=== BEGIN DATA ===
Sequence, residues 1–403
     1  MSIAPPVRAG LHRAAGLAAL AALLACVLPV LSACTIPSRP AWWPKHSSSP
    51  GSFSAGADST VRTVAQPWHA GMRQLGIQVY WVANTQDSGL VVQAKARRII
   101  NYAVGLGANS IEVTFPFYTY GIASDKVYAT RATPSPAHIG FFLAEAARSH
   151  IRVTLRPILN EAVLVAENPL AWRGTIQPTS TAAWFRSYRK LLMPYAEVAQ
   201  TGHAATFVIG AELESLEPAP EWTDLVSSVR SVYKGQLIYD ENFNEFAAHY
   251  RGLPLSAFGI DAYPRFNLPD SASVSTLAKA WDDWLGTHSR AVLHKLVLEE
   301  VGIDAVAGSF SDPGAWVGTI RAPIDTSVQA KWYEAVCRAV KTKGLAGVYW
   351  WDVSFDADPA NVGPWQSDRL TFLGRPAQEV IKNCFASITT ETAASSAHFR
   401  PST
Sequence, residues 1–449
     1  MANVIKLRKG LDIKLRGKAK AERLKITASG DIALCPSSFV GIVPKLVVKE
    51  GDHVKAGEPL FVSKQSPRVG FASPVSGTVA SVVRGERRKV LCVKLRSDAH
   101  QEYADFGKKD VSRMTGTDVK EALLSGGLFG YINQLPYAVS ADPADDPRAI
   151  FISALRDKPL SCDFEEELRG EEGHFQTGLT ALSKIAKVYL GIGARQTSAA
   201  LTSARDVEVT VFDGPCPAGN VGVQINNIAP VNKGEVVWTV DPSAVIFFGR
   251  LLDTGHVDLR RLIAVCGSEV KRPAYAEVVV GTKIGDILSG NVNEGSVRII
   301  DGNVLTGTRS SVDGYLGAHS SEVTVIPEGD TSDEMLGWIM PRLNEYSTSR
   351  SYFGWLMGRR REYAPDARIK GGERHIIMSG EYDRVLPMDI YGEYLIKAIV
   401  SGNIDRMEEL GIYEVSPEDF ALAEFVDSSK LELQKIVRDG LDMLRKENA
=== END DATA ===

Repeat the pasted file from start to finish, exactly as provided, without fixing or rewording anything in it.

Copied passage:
Sequence, residues 1–403
     1  MSIAPPVRAG LHRAAGLAAL AALLACVLPV LSACTIPSRP AWWPKHSSSP
    51  GSFSAGADST VRTVAQPWHA GMRQLGIQVY WVANTQDSGL VVQAKARRII
   101  NYAVGLGANS IEVTFPFYTY GIASDKVYAT RATPSPAHIG FFLAEAARSH
   151  IRVTLRPILN EAVLVAENPL AWRGTIQPTS TAAWFRSYRK LLMPYAEVAQ
   201  TGHAATFVIG AELESLEPAP EWTDLVSSVR SVYKGQLIYD ENFNEFAAHY
   251  RGLPLSAFGI DAYPRFNLPD SASVSTLAKA WDDWLGTHSR AVLHKLVLEE
   301  VGIDAVAGSF SDPGAWVGTI RAPIDTSVQA KWYEAVCRAV KTKGLAGVYW
   351  WDVSFDADPA NVGPWQSDRL TFLGRPAQEV IKNCFASITT ETAASSAHFR
   401  PST
Sequence, residues 1–449
     1  MANVIKLRKG LDIKLRGKAK AERLKITASG DIALCPSSFV GIVPKLVVKE
    51  GDHVKAGEPL FVSKQSPRVG FASPVSGTVA SVVRGERRKV LCVKLRSDAH
   101  QEYADFGKKD VSRMTGTDVK EALLSGGLFG YINQLPYAVS ADPADDPRAI
   151  FISALRDKPL SCDFEEELRG EEGHFQTGLT ALSKIAKVYL GIGARQTSAA
   201  LTSARDVEVT VFDGPCPAGN VGVQINNIAP VNKGEVVWTV DPSAVIFFGR
   251  LLDTGHVDLR RLIAVCGSEV KRPAYAEVVV GTKIGDILSG NVNEGSVRII
   301  DGNVLTGTRS SVDGYLGAHS SEVTVIPEGD TSDEMLGWIM PRLNEYSTSR
   351  SYFGWLMGRR REYAPDARIK GGERHIIMSG EYDRVLPMDI YGEYLIKAIV
   401  SGNIDRMEEL GIYEVSPEDF ALAEFVDSSK LELQKIVRDG LDMLRKENA